Ectopic Pregnancy and Infertility
An ectopic pregnancy is a medical emergency in which a fertilized egg implants itself outside of the uterus, most often in the fallopian tubes. The embryo in such a pregnancy must be removed to save the mother's life. At any rate, there is no chance that the embryo can live in its chosen environment.
There may be no choice but to sacrifice the entire fallopian tube, but if you have a choice, choose a procedure in which the embryo is removed through an incision in the tube. This provides you with the highest chance of having a viable pregnancy in the future. If this is not possible, you may be able to have only a part of the tube removed with the stump left open rather than sutured closed. This means an egg might still be able to travel down the tube into the uterus.
*If you must have both tubes removed or sutured shut, the only way you will be able to conceive is via IVF.
Some statistics on future fertility after an ectopic pregnancy:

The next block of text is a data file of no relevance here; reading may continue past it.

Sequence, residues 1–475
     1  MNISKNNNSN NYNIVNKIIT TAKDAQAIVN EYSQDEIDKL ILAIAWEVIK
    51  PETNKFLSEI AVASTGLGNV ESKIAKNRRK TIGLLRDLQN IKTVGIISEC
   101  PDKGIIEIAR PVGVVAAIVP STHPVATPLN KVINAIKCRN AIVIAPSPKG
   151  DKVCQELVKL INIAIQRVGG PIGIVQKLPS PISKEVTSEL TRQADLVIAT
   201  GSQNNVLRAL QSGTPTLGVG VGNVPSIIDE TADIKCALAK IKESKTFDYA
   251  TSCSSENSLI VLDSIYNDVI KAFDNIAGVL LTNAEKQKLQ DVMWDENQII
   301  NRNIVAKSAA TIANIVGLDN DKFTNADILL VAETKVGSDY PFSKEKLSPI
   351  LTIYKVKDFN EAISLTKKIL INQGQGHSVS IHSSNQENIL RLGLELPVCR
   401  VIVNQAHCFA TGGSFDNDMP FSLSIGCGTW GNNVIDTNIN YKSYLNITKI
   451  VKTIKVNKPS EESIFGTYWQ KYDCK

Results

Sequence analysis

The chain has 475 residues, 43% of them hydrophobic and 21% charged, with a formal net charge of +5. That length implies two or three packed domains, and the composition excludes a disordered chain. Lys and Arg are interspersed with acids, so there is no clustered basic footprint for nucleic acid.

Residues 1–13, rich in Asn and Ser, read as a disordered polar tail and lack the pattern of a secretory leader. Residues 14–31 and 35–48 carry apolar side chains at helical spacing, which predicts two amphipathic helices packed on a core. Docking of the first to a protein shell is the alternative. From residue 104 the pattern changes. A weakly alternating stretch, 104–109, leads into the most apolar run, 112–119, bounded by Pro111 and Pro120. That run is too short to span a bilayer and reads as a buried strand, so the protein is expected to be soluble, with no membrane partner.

*Careful surgery in the case of small, unruptured ectopic pregnancies can preserve the function of the fallopian tubes more than 80% of the time.
*Normal, intrauterine pregnancies follow ectopic pregnancies at a ratio of 6:1, but if one tube is unaffected the ratio rises to around 10:1.
*The subsequent delivery rate after one ectopic pregnancy and conservative tube-sparing surgery is 55-60%, the recurrence of tubal pregnancies is about 15%, and the rate of infertility is 25-30%.
*If the second tube is nonexistent or blocked, the subsequent rate of delivery is from 45-50%, the recurrence of tubal pregnancies is about 20%, and the infertility rate is from 30-35%.
*After 2 or more tubal pregnancies and conservative surgeries the subsequent delivery rate is around 30%, recurrent ectopic pregnancies at 20-30%, with the infertility rate at 40-50%.
*The greater the number of recurrent ectopic pregnancies, the less likely it is that a woman will deliver a baby without fertility treatment.
*An ectopic pregnancy is as likely to occur in a tube that was saved during surgery as in the unaffected tube.
*Salpingostomy, the saving of a tube, and salpingectomy, the removal of a tube, in cases where there is no history of infertility and the second tube is normal give similar delivery rates.
*In a case where the other tube is diseased and there is a history of female infertility, the salpingostomy gives a higher ratio in favor of delivery: 76% vs. 44% according to one study, but also comes with a higher risk of recurrent ectopic pregnancy.
Make sure that your doctor knows of your wish to become pregnant before he operates, if at all possible.